From Logging in Action by Phil Wilkins
Let’s image that you’re familiar with Fluentd’s architecture and how to deploy it and dive right into the classic “Hello World” exercise.
Hello World scenario
The hello world scenario is very simple. We will make use of the fact that Fluentd can receive log events through HTTP and simply see the console record the events. To start with we will push the HTTP events using Postman. The next step will be to extend this slightly to send log events using the LogSimulator.
Hello World configuration
The configuration file used in this example is stripped to the bare minimum, defining just the input and output parameters for each plugin, and a couple of illustrative comments, as shown:
Listing 1. Chapter2/Fluentd/HelloWorld.conf
# Hello World configuration will take events received on port 18080 using # HTTP as a protocol # set Fluentd's configuration parameters <system> Log_Level info #E </system> # define the HTTP source which will provide log events <source> #A @type http #B port 18080 #C </source> # accept all log events regardless of tag and write them to the console <match *> #D @type stdout </match>
#A This is a source directive
#B @type indicates the plugin type
#C lines following a plugin define configuration parameters for that plugin
#D The match directive defines which log events will be allowed to the plugin
#E Set the default log level for Fluentd – as we have set the level to be info, this isn’t strictly necessary as that is the default
Before we run the example, let us take a quick look at the configuration file. As you can see, we have provided some comments within the configuration file. We can comment anywhere within the file using a
# character. Then we have used a
source directive, to define the origins of log events. In this case, using the built-in HTTP plugin capability that the @type identifies. The following name-value pairs are then treated as properties for that plugin. For example, here we have defined the use of port 18080 to receive log events.
We then define an output using the
match directive. The asterisk in the match directive is a wild card, telling the match directive any tag can be processed by the output plugin, in this case, standard out which will appear in the console.
As the Fluentd service is in our PATH we can launch the process with the command
fluentd anywhere. However, without a parameter defining the config location the tool will look in different places depending upon the environment and installation process. For Windows and Linux Fluentd will try to resolve the location
/etc/fluent/fluent.conf. As we’re not using the default to start Fluentd, we need to navigate the shell to wherever you have downloaded the configuration file or include the full path to the configuration file as the parameter. Then run the command:
fluentd -c HelloWorld.conf
This will startup with Fluentd, and we’ll see the information displayed on the console as things startup, including the configuration being loaded and checked. When running Fluentd or Fluent Bit on Windows, depending upon the permissions for your user account, you may get a prompt as shown in Figure 1. This prompt occurs as Fluentd and Fluent Bit will by default expose access points to the network.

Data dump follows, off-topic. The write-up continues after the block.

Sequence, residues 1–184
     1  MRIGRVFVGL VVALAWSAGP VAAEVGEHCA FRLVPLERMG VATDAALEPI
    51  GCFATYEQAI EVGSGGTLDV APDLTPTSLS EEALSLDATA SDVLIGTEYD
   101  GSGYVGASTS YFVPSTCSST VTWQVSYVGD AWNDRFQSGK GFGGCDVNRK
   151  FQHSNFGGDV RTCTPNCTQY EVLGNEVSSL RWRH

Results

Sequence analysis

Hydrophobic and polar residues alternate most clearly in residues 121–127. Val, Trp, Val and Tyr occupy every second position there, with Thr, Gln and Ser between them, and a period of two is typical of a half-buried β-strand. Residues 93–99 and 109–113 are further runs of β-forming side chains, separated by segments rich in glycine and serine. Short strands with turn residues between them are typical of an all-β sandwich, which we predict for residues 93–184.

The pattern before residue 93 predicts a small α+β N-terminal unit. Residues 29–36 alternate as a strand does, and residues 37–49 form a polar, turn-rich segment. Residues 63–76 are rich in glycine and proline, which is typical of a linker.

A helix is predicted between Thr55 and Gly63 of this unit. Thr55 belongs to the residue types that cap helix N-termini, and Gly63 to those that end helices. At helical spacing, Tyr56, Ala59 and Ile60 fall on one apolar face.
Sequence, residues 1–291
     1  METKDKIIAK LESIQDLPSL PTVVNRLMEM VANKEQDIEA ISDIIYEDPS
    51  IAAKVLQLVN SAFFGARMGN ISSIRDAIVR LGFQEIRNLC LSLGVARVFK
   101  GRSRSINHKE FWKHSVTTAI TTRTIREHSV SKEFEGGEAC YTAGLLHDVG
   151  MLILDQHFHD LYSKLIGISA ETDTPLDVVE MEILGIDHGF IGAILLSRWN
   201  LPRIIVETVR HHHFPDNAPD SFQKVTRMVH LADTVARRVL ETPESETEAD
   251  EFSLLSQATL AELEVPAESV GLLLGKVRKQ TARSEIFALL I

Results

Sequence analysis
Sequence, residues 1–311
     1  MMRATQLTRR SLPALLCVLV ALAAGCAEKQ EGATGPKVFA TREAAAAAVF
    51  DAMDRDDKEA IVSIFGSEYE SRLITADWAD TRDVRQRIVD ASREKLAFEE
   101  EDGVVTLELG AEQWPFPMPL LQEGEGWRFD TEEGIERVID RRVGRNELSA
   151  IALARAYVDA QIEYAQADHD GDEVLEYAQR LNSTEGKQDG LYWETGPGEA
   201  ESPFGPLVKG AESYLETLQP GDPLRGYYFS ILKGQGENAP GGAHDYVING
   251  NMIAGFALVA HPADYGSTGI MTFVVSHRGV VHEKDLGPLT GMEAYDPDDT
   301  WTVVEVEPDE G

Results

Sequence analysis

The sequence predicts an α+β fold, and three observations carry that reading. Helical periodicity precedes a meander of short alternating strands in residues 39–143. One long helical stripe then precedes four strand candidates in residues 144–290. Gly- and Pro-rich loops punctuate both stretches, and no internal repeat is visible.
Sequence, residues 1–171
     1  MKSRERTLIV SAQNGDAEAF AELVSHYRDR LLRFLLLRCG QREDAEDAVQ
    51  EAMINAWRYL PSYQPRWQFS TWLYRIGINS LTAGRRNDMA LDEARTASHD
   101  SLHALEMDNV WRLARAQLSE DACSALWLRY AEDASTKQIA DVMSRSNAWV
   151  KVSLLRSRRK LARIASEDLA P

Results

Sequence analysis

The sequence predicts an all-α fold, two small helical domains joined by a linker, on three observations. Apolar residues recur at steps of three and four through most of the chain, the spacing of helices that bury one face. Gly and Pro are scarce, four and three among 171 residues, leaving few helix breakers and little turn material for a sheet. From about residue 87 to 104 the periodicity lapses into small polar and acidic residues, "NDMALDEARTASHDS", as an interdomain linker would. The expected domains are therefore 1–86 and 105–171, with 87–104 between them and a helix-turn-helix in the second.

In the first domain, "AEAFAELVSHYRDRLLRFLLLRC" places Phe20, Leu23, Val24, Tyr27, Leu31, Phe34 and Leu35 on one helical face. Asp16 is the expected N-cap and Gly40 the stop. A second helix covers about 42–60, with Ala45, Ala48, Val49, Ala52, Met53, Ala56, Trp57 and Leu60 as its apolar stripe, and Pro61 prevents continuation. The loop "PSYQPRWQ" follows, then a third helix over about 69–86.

Figure 1. Windows prompting to allow Fluentd or Fluent Bit (depending on what is being started) prompt to approval to use the network
We should, of course, Allow access, without it both Fluentd and Fluent Bit will fail. Within a Linux environment the equivalent controls are established through IPTables rules and possible SELinux configuration (As Linux environments can vary more than Windows, it is worth having a good Linux reference to help understand the setup and troubleshoot any restrictions—Manning has several such titles such as Linux In Motion.
The next step is to send a log event using Postman. Once Postman has started, we need to configure it to send a simple JSON payload to Fluentd. The next screenshot (Figure 2) shows the settings highlighted:
Figure 2. Defined JSON payload to send to Fluentd using Postman
Click on the Send button in Postman, and we’ll see the following result:
Figure 3. Fluentd output after sending the REST event
You may have noticed that in the REST API invocation we have not defined time for the log event, therefore the Fluentd instance will apply the current time.
Whilst this is configuration is as good as ‘chocolate teapot’ as the expression goes. It does illustrate the basic idea of Fluentd. The ability to take log events and direct them (explicitly or implicitly) to an output. Let’s finish this illustration by using the Log Simulator to create a stream of log events.
To run the LogSimulator a new shell is required, and you need to navigate to where the configurations have been downloaded. Within each of the Chapter folders is a folder called SimulatorConfig. Depending upon the chapter you will find one or more properties files. If you look inside the property file, you’ll find a series of key-value pairs that will control the LogSimulator’s behavior. This includes referencing the log file to replay or test data. These references are relative, which does mean we need to be in the correct folder to start the simulator for things to startup correctly. Which happens to be the parent folder to the chapters. We can then start the LogSimulator with the command:
groovy LogSimulator.groovy Chapter2\SimulatorConfig\HelloWorld.properties
or if you choose to use the jar file:
java -jar LogSimulator.jar Chapter2\SimulatorConfig\HelloWorld.properties
That’s all for this article. If you want to learn more about the book, check it out on our browser-based liveBook platform here.